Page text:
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Magnitsky law spawns cottage industry of sanctions lobbying

The Magnitsky Act is being used in unexpected ways, with lobbyists pushing for human rights sanctions against nations on behalf of corporate clients.
U.S. President Barack Obama (seated) signs H.R. 6156, the Russia and Moldova Jackson-Vanik Repeal and Magnitsky Rule of Law Accountability Act, in the Oval Office of the White House in Washington, December 14, 2012. From L-R are: U.S. Sen. Ben Cardin, U.S. Sen. Joe Lieberman, U.S. Sen. Max Baucus, Obama, U.S. Rep. Steny Hoyer, U.S. Rep. Sandy Levin, U.S. Rep. Jim McGovern, and U.S. Rep. Gregory Meeks.      REUTERS/Larry Downing  (UNITED STATES - Tags: POLITICS) - GM1E8CF053K01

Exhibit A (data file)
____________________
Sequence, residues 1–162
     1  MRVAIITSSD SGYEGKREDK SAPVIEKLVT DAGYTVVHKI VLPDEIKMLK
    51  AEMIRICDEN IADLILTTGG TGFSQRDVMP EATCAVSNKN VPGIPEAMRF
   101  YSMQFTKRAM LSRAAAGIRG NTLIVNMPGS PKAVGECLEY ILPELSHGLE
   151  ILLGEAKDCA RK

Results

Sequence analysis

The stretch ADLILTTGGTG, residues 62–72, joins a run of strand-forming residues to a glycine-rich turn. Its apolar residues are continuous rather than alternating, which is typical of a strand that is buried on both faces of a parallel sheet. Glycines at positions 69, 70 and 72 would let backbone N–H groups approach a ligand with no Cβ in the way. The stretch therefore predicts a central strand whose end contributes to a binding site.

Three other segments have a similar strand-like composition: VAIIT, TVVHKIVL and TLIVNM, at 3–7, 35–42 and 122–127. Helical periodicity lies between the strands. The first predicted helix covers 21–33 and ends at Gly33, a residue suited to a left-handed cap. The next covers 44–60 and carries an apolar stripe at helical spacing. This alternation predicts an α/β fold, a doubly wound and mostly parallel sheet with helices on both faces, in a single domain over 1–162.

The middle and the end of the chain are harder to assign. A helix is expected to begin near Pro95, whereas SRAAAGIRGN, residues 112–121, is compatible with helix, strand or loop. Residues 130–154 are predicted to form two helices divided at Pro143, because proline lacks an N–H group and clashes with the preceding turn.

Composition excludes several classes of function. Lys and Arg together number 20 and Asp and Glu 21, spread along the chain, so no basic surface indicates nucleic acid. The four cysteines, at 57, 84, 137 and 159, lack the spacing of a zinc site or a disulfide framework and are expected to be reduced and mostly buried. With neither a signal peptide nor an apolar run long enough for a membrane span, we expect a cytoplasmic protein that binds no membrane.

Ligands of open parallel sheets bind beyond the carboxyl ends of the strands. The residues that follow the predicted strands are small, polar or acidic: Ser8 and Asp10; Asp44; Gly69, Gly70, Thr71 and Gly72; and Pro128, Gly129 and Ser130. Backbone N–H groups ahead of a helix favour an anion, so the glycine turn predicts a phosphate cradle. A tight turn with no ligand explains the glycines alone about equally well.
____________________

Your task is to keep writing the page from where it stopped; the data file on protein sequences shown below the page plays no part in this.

Congress passed the Magnitsky Act in 2012 to punish Russian officials accused of beating to death a whistleblower who publicized government corruption.

A decade later, the law has unwittingly spawned a multimillion-dollar lobbying cottage industry.

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